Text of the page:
Taegue Il Jang application

Discussion in 'Tae-Kwon-Do' started by Kong Soo Do, Aug 9, 2012.

  1. seasoned

    seasoned MT Senior Moderator Staff Member

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    I was trying to get some insight into Taegue Il Jang application, by giving the thread some insight into my back ground, to see if there was any common ground to dialog on. I truly did not come here to be miss understood, but to merely share in the spirit of the arts.

    In the above I was being agreeable, but at the same time inquisitive pertaining to the comment about "twisting motions" as mentioned in a previous post. Also my last sentence mentions this, "My intent is to dialog, and share, not to win a war on words. Thanks in advance".

    Above, you are reading me wrong, and make it very clear that you feel that I am trespassing, so to speak, on issues I know nothing about. This was not my intent, and I really don't want to get invalved in the infighting I perceive that is taking place.

    Your words Daniel, "Why, if you are an Okinawan karateka do you stay away from karate threads may I ask"?

    My words, "I don't generally find myself straying away from the karate threads, and may have some reservations in the future".

    The meaning of my words, "and may have some reservations in the future".

    Answer, "of straying away from the, karate threads". I will stay there where I have done well for 5 years, with ANY verbal conflict.
     
  2. puunui

    puunui Senior Master

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    Kukki taekwondoin do that too. We call them hogu drills. Have you ever done any?
     
  3. seasoned

    seasoned MT Senior Moderator Staff Member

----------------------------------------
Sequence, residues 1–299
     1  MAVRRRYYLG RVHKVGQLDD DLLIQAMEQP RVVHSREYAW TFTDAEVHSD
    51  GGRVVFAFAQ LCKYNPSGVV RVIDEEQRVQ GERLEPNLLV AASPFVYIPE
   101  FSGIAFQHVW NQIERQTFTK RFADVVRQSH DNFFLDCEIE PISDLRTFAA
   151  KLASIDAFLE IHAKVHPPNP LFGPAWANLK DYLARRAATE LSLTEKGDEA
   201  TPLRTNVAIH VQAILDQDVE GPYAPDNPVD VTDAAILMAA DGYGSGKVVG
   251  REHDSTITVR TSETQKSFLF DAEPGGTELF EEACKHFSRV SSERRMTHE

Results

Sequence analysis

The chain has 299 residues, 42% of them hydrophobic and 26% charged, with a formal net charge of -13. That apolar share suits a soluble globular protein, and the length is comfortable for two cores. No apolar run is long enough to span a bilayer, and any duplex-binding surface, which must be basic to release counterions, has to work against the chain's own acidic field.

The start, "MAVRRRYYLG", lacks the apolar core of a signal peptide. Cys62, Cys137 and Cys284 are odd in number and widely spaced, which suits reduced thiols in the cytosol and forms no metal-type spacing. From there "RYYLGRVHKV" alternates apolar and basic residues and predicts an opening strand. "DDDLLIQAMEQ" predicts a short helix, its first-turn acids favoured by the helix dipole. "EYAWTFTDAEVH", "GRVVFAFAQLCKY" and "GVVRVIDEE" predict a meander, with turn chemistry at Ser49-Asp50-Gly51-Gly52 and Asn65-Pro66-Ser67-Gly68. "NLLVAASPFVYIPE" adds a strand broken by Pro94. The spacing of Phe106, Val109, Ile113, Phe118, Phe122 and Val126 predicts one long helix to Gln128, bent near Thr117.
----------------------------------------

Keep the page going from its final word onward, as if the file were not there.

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    Case in point. This is the dialog I can do without.
     
  4. puunui

    puunui Senior Master

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    There is no infighting, just one non kukki taekwondo outsider wanting to discuss applications from a kukkiwon form he never learned.
     
  5. andyjeffries

    andyjeffries Master of Arts

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    Can we all please write it as Taegeuk not Taegue. If we're going to be discussing a specific pattern we should all at least spell it correctly.

    Mispronunciation is one of my pet peeves and this is number two behind people pronouncing our art as Thai-kwondo rather than t'eh kwondo (or tay kwondo if they must).
     
  6. dancingalone

    dancingalone Grandmaster

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    Goju does indeed have shime though in my experience it should be more about checking correct posture and muscular tension than outright beating up the student. I have heard of some dojo in the sixties and seventies on the east coast overdoing shime as more of a hazing ritual or to test conditioning.

    If you're an Uechi man, let me say I'm very much impressed with Shinjo Sensei and the entire Shinjo clan in general. I've seen him break baseball bats with his forearm, and he is not exactly large.
     
  7. puunui

    puunui Senior Master

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    When I think of "taegu" I think of either the city in South Korea, or a type of pan chun (korean side dish) that is served with meals. I don't really think about poomsae when I hear or see that word.
     
  8. puunui

    puunui Senior Master

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    Too much of that is not good though, because you begin to start thinking gojuryu thoughts in a taekwondo context. I took karate before taekwondo as well, and it was a constant struggle to not think karate when doing taekwondo. Finally I made a decision to let go of my karate mindset, so that I could progress in taekwondo. I did keep one thing from karate, which is the analytical eye and appreciation for detail that sometimes korean martial arts lack.
     
  9. ralphmcpherson

    ralphmcpherson Senior Master